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Logs, Sessions & File Permissions

Let's tackle one of the most confusing things in Symfony: how to handle file permissions for the cache directory.

To get our site working, we're setting the entire var/ directory to 777:

49 lines ansible/deploy/after-symlink-shared.yml
... lines 1 - 40
- name: Setup directory permissions for var/
file:
path: "{{ release_var_path }}"
state: directory
mode: 0777
recurse: true
# We need it because logs are symlinks now
follow: yes

This includes cache/, logs/ and sessions/.

This is a bummer for security. Here's my big question: after we deploy, which files truly need to be writable by the web server?

Let's solve this ancient Symfony mystery. To start, instead of setting the entire var/ directory to 777, let's just do this for var/logs. This is actually the reason we originally created this task: our site was failing because var/logs wasn't writable.

But first, back in deploy.yml, create a new variable: release_logs_path set to {{ ansistrano_shared_path }}/var/logs:

56 lines ansible/deploy.yml
---
- hosts: aws
... lines 3 - 14
vars:
... lines 16 - 17
release_logs_path: "{{ ansistrano_shared_path }}/var/logs"
... lines 19 - 56

ansistrano_shared_path is a special variable that Ansistrano gives us. Thanks!

Copy that variable, and back in after-symlink-shared.yml, use it:

48 lines ansible/deploy/after-symlink-shared.yml
... lines 1 - 40
- name: Setup directory permissions for var/logs
become: true
file:
path: '{{ release_logs_path }}'
state: directory
mode: 0777
recurse: true

Oh, and we don't need follow anymore. But do add become: true. Why? The files in this directory - like prod.log - will probably be created by the web server, so, www-data. The become: true will allow us to change those permissions.

Ok, let's try this! Find your local terminal, and deploy!

ansible-playbook ansible/deploy.yml -i ansible/hosts.ini --ask-vault-pass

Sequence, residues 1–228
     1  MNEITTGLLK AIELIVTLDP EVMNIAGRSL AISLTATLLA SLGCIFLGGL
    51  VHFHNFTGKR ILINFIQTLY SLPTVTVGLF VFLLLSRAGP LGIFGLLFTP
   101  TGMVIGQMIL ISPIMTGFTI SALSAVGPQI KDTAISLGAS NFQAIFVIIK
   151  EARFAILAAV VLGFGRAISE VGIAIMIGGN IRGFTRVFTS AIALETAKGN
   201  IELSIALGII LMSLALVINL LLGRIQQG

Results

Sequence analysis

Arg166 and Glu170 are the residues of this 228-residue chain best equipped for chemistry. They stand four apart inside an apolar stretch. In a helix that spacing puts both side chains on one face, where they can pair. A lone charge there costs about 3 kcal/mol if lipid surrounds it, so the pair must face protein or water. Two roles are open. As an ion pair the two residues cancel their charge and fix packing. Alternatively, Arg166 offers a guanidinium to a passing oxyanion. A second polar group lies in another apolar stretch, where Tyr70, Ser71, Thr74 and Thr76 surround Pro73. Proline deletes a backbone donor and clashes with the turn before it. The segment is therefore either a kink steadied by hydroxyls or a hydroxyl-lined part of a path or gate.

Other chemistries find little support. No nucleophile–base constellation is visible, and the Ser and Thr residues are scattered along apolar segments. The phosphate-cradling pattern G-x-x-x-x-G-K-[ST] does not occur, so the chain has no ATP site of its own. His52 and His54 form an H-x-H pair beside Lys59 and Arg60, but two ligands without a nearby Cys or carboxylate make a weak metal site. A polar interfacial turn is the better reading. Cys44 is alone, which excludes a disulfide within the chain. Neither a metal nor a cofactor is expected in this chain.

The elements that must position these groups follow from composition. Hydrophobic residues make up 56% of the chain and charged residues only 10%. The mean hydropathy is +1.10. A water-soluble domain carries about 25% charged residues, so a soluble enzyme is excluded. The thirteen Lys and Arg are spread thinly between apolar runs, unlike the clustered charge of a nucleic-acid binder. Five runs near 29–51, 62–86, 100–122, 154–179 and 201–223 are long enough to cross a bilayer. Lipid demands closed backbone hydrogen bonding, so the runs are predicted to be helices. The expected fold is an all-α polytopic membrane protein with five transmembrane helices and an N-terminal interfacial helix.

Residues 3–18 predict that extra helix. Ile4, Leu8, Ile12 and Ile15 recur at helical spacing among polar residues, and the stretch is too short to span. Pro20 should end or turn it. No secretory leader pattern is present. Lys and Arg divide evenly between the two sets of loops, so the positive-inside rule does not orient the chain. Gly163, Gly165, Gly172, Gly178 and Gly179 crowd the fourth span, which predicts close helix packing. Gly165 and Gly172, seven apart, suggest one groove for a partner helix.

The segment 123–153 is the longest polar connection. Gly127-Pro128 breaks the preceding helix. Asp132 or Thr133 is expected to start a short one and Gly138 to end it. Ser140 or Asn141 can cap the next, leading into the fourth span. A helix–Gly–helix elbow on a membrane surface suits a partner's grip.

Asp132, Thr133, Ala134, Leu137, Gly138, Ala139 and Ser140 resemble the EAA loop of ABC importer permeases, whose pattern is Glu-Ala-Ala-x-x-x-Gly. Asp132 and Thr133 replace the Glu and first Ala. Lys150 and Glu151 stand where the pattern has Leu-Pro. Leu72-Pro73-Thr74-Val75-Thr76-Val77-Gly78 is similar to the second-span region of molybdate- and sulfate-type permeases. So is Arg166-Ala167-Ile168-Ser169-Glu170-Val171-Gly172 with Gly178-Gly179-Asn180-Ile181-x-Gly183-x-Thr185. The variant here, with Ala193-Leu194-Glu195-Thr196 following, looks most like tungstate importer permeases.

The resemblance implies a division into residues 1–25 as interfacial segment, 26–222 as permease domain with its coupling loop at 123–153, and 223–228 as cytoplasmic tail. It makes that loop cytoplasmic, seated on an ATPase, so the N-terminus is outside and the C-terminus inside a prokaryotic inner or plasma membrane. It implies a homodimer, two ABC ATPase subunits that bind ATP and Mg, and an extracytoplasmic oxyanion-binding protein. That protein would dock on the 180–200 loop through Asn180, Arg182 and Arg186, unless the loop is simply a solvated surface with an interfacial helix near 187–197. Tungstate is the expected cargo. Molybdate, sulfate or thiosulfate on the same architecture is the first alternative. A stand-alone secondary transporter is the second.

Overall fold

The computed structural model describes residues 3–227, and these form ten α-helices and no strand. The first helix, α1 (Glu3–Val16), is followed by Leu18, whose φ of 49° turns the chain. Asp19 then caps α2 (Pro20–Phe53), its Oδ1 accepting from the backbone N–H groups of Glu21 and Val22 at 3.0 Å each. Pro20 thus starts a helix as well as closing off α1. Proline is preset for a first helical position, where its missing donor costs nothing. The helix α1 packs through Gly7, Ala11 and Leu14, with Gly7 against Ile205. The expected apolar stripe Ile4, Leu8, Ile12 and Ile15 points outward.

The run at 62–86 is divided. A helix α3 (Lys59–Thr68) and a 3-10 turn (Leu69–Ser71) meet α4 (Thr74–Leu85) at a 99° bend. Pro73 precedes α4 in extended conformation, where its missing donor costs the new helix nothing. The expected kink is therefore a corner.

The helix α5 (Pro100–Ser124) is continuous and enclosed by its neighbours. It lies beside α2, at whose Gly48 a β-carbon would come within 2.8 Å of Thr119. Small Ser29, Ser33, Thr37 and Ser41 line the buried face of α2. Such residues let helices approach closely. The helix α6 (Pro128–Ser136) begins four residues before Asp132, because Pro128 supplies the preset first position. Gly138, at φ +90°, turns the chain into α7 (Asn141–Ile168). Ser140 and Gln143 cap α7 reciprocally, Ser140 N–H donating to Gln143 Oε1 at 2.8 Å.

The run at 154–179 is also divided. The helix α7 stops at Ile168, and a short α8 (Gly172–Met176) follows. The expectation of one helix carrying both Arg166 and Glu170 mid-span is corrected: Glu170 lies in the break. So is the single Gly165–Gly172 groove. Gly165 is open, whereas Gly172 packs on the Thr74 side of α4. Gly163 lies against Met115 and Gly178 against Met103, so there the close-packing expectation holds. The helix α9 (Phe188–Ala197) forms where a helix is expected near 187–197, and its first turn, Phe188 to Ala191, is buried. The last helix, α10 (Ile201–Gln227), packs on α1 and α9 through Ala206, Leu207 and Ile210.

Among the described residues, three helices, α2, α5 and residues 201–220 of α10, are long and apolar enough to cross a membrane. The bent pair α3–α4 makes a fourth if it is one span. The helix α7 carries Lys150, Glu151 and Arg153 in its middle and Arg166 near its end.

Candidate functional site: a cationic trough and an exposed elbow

When this finishes, only var/logs/ should be writable.

Deep breath. Refresh! Dang! It fails! That's ok! Let's play detective and uncover the problem.

Using Native PHP Sessions

Back on the server, find the var/logs directory and tail prod.log:

cd shared/var/logs
tail prod.log

Oh!

Unable to create the directory var/sessions

Apparently the var/sessions directory needs to be writable so that the session data can be stored.

But wait! Before we make that writable, I have a better solution. Open up app/config/config.yml. Look under framework and session:

72 lines app/config/config.yml
... lines 1 - 10
framework:
... lines 12 - 26
session:
# http://symfony.com/doc/current/reference/configuration/framework.html#handler-id
handler_id: session.handler.native_file
save_path: '%kernel.project_dir%/var/sessions/%kernel.environment%'
... lines 31 - 72

Ah! This is the reason why sessions are stored in var/sessions. Change that: set handler_id to ~. I'll add a comment: this means that the default PHP session handler will be used:

71 lines app/config/config.yml
... lines 1 - 10
framework:
... lines 12 - 26
session:
# use the default PHP session handler
handler_id: ~
... lines 30 - 71

Why are we doing this? Well, PHP already knows how to handle and store sessions. It will find a directory on the file system to store them and it will handle permissions... because making them 777 isn't a great idea. In fact, this will be the default setting for new Symfony 4 projects.

Go back to the local terminal. We just made a change to our code, so we need to commit and push:

git add -u
git commit -m "PHP native sessions"
git push origin master

Now, deploy!

ansible-playbook ansible/deploy.yml -i ansible/hosts.ini --ask-vault-pass

An even better session setup - especially if you want to move servers or use multiple servers - is to store them somewhere else, like the database or Memcache. You can find details about that in the Symfony docs. That's what we do for KnpU.

Ok! Let's try it again.. refresh! It works! OMG, it's alive! So... does this mean that the var/cache directory does not need to be writable? Well... not so fast. Go back to the server. Move up a few directories and into current/. Check out the var/cache/prod directory:

ls -l var/cache/prod

Woh! The cache files are writable by everyone! And so of course the site is working! But... we didn't set the cache directory to 777 in our playbook? So, what's going on?

We still have two unanswered questions. First, why the heck is var/cache/prod/ writable by everyone? And second, if we make it not writable, will our site still work?

Let's solve these mysteries next.

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